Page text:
The emancipated Empire

The British Empire was built on slavery then grew by antislavery | Aeon  Essays
The boiling house on a sugar plantation, from Ten Views in the Island of Antigua (1823) by William Clark. Courtesy the Yale Center for British Art

The British Empire was first built on slavery and then on the moral and economic self-confidence of antislavery

by Padraic Scanlan is an assistant professor at the Centre for Industrial Relations and Human Resources at the University of Toronto, cross-appointed to the Centre for Diaspora and Transnational Studies. He is also a research associate at the Center for History and Economics at Harvard University and the University of Cambridge. He is the author of Freedom’s Debtors (2017) and Slave Empire (2020)

Britain ended its slave trade in 1807, and abolished slavery in much of its colonial empire in 1834. Four years later, Queen Victoria was crowned. For British liberals, the timing was auspicious, and the lessons were obvious. The 18th-century empire of enslaved labour, rebellious colonies and benighted protectionism had been purified by the ‘sacrifice’ of the profits of slavery to the principles of free trade, free labour and free markets. But the empire that slavery made endured.

Although individual enslaved people were often brought to Britain by the people who claimed to own them, for most Britons, mass enslavement was something that happened ‘over there’ – in the colonies, especially the sugar-producing islands of the Caribbean. This fact of geography shaped British antislavery. The ‘mother country’ could also be the stern but benignant ‘father’, correcting children in the ‘infant colonies’. In the slave colonies, opposition to slavery could be a revolutionary threat to the social order. In Britain, antislavery affirmed Britain’s superior virtue in relationship to its empire.

This contented patriotism was a feature of British antislavery, decades before the leaders of the movement succeeded in securing the abolition of the slave trade. In 1785, William Cowper published ‘The Task’, a long poem in blank verse. In Book II, Cowper celebrates Somerset v Stewart, the 1772 case that set a precedent for enslaved people from Britain’s colonies to sue for freedom in metropolitan courts. He wrote:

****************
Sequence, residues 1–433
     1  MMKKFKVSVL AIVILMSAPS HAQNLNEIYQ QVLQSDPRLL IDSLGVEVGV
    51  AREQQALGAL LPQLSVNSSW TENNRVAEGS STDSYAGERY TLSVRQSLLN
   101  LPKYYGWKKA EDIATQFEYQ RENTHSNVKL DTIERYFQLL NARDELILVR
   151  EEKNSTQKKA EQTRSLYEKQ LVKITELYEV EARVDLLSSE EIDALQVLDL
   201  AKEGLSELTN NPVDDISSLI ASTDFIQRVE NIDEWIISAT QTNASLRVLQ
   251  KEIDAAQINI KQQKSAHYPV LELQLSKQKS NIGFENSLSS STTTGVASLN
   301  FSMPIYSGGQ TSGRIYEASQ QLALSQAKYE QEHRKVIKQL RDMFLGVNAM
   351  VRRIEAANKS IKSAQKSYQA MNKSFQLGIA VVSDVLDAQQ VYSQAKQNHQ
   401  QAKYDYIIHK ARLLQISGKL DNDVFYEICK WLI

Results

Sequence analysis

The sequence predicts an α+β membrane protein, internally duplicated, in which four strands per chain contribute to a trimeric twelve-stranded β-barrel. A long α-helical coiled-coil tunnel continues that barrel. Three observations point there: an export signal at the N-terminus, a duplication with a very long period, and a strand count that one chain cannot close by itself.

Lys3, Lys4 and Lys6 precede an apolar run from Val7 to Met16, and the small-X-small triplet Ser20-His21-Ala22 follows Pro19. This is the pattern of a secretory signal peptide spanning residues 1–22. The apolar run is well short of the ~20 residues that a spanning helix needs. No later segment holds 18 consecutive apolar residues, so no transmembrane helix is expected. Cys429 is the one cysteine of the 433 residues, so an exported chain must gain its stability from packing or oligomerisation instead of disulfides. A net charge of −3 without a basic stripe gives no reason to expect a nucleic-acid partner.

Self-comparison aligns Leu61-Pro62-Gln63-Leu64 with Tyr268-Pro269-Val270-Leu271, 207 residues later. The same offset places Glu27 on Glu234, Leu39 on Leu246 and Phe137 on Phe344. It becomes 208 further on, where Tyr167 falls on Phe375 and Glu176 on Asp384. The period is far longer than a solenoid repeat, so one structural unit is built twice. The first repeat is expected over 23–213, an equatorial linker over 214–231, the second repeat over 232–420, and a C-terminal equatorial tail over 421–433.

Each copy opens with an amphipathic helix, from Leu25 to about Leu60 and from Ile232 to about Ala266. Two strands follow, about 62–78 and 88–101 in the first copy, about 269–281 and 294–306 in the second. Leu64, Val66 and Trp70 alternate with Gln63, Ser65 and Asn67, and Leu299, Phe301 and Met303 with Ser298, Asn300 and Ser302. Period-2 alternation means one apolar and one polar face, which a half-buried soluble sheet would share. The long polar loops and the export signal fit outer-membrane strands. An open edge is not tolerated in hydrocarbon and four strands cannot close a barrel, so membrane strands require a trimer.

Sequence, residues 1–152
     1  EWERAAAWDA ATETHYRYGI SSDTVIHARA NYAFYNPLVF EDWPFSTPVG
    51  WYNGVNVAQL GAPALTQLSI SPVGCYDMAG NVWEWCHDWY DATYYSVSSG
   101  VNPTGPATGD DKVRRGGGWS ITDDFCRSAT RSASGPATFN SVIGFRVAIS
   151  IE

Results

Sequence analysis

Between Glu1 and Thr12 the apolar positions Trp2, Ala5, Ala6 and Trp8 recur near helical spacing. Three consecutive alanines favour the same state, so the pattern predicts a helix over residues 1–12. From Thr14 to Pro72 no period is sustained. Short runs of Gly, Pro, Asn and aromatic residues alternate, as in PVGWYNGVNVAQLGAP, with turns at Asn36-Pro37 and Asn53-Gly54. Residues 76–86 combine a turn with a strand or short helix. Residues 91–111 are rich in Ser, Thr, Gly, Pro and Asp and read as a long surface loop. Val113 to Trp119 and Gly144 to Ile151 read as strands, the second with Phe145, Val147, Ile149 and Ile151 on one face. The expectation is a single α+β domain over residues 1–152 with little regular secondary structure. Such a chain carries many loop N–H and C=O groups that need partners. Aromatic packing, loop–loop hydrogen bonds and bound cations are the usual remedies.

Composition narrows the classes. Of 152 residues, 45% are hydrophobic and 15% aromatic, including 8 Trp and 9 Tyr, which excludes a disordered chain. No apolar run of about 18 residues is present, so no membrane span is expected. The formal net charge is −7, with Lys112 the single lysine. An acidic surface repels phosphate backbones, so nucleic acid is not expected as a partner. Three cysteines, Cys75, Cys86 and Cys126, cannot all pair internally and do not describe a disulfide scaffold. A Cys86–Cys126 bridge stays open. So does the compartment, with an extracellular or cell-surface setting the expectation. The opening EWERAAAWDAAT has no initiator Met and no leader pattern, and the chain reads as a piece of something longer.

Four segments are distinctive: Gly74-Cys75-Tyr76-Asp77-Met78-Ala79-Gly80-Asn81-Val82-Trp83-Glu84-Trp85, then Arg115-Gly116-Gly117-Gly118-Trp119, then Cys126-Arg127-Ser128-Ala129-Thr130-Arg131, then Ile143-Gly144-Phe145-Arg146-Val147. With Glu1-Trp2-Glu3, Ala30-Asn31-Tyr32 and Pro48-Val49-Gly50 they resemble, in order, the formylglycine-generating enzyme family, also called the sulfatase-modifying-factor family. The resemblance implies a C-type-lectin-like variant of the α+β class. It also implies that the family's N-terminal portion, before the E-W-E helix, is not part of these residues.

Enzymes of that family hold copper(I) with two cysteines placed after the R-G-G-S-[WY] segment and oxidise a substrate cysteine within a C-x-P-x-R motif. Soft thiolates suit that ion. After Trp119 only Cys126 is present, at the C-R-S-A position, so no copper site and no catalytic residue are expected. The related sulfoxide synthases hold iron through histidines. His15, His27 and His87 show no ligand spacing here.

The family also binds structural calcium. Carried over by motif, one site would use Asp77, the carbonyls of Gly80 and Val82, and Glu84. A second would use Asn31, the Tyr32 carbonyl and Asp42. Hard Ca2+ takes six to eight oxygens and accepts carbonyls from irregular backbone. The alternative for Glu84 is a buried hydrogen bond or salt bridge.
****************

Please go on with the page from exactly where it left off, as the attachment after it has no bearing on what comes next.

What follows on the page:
Slaves cannot breathe in England; if their lungs
Receive our air, that moment they are free
They touch our country and their shackles fall.
That is noble, and bespeaks a nation proud
And jealous of the blessing. Spread it then,
And let it circulate through every vein
Of all your empire; that where Britain’s power
Is felt, mankind may feel her mercy too.

William Wilberforce, the leader in Parliament of the campaign to abolish the British slave trade, admired Cowper’s eye for evidence of Providence. He was his favourite poet. For both men, antislavery confirmed Britain’s special place in human and divine affairs. To Wilberforce, slavery kept an enslaved person from choosing salvation. Consequently, to enslave was a terrible sin. Emancipation, however, did not imply independence. Social hierarchy was natural, and therefore desirable. Virtue flowed downhill from the powerful to the weak, the rich to the poor, Britain to the colonies. Wilberforce assumed that Britain would hold the interests of freedpeople in trust during a long journey toward civilisation. What greater proof of advanced civilisation could a nation offer than opposition to slavery?

For Cowper and Wilberforce, Britain was exceptional – and in historical memory, the antislavery movement is still offered as evidence of British exceptionalism. For conservative Eurosceptics such as the Oxford theologian Nigel Biggar, antislavery is the antidote to criticism of empire. ‘Between the slave-trade and slavery of the 18th century and the present,’ Biggar writes in a widely circulated recent essay for the group Briefings for Britain, ‘lies 150 years of imperial penance …’ With his talk of penance and his totting-up of the ‘gifts’ given by empire – English, railroads, parliaments, property rights – Biggar performs a mawkish pageant of the pith helmet, the Bible and the flag. Antislavery, from this point of view, symbolises Britain’s moral awakening and special destiny, first and greatest among the European empires.

In the United States, a similar caricature of British antislavery as especially precocious and virtuous has become a useful foil for reimagining American history, in The New York Times’s 1619 Project and elsewhere. If slavery is the American ‘original sin’, and the preservation of slavery was a cause of the American Revolution, British antislavery becomes an avenging force driven out of the new United States. And yet, when white Virginia colonists first purchased enslaved African workers to cultivate tobacco in 1619, the colonists thought of themselves as English. They looked south to Spain and Portugal’s colonies, where plantation slavery was well-established, and hoped to make a fortune. To the colonists, hierarchy was natural and defined by God. Coerced, enserfed or enslaved labour was unremarkable – and, from the colonists’ perspective, necessary – gentlemen, by definition, did not work in the fields. The sins weren’t original, and they weren’t ‘American’…

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